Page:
Same Old Floorplan, But a Fresh, New Interior Design
Some of my favorite makeovers were the most troublesome ones at the onset. Take one of my latest projects as an example. The floorplan is outdated and uncompromising, the budget is tight and just as uncompromising, and, because misery invites more misery, the entire condo needed to be renovated and outfitted in less than two months.
The Philadelphian, where this 1,200-square foot condominium resides, sits in a prime location, right off of Kelly Drive and within shouting distance of Boathouse Row, the Schuylkill Rowing Basin, Fairmount Park, and the Philadelphia Museum of Art. In its day, it was the height of condo living in the city. The laundry list of amenities includes indoor and outdoor pools, on-call housekeeping, its own grocery store, and a complimentary shuttle to Center City. The trouble is, that day was more than 40 years ago.
The Philadelphian, today, isn’t quite as sleek or as accommodating as the newer residential buildings around the city, but it’s still got that location. And, as real estate brokers are fond of saying, that’s what matters most. I tend to agree. Everything else can be improved, but you’re never going to be able to enhance the view or the accessibility to the best of what’s around you.
So, with that mindset, we began pulling out almost everything we could. The kitchen and master bathroom were stripped to the studs. All of the electric and flooring came out, too. We didn’t knock down any walls, so there weren’t any significant changes to the condo’s architecture. But, we cleared out almost every other relic from its prior existence.
The new interior design is something I’m describing as traditional in transition. Essentially, I’m taking some traditional elements and featuring them in contexts that are very much of the moment.
In the living room, for example, the furniture features hints of driftwood gray, aqua, and champagne, a lighter palette that positively pops against a dark rug. The rug also has the effect of enlarging the room. Floral-patterned pillows provide the accents and help tie the living room into the dining area. It’s not a large space, so I had to get creative with the layout. On a day-to-day basis, there will be three chairs around the dining table. But, for dinner parties, there’s enough room now to accommodate as many as 12. Those other chairs will be pulled from all over, including the living room.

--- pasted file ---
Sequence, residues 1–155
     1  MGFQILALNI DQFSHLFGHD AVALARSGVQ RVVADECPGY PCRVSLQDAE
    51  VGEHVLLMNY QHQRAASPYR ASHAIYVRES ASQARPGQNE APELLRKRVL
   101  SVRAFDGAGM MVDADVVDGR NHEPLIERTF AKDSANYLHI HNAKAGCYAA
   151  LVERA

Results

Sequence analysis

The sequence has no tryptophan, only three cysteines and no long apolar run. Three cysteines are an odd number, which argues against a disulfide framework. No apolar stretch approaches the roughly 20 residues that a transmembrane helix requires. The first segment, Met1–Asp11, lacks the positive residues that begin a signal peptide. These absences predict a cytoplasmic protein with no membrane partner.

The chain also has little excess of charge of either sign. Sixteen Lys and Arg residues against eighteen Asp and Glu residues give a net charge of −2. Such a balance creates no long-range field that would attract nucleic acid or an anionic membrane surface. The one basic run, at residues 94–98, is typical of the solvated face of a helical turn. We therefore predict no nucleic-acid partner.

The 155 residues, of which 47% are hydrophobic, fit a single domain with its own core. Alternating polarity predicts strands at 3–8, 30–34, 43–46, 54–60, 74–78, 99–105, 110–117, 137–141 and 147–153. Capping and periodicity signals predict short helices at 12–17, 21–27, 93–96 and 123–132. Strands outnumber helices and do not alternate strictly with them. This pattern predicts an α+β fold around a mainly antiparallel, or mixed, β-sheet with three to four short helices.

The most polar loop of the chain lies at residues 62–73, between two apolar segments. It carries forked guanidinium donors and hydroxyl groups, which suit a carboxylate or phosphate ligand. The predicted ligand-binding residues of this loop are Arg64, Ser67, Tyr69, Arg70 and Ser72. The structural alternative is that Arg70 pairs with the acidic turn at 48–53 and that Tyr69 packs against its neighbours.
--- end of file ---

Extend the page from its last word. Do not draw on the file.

The eclectic look of different kinds of chairs (and a couple of ottomans) is page right out of the modern designer’s style guide. I’m even happier, though, about the super-efficient use of the space. That, right there, is the essence of modern living.
You don’t need to abandon your identity to live in a modern home. Really, it’s just a matter of updating your living spaces so that they don’t begin to feel stale. Sometimes, a fresh coat of paint in a trending color or a new, contemporary wallcovering is enough. Other times, you’ll need to be more invasive, because it’s about function as much as the look; your home needs to evolve with your lifestyle.
Walls aren’t everything
It’s not that abnormal. If you went strictly by what we see on TV anymore, then, sure, the retrofitted modern home is an open space, and many walls were likely sacrificed in its making. But, the reality is, knocking down walls costs a lot of money. Not to mention, in apartments and condos, like this one, it’s often not even feasible. So, updating and upgrading an existing space is a familiar place for me.
Is it constricting? Totally. But, as creative types are fond of saying (after they’ve found their way to the other side), the limits are what inspire innovation. I believed that myself right up until the building’s management asked us to install the new washer and dryer according to the current code, when the set we were swapping out had been there, I’m pretty sure, since the first Bush presidency. There was no innovation there; just a giant headache.
Playing up the view
But, even that, I’m sure I’ll laugh to myself about as soon as I hand the keys back over to my client. By then, I’ll have taken a condo that felt like the walls were closing in and reshaped it into a living space that’s open, uncluttered and accommodating. The view’s still going to be there, of course, but now, instead of feeling like the one and only focal point in the place, it’ll become a fitting backdrop to a home that’s filled with lots of points of interest and unobstructed views from which to take it all in.
Amenities, after all, are great, but home is where the heart is. If you’re at peace there, life has a way of falling into place within its walls and everywhere else.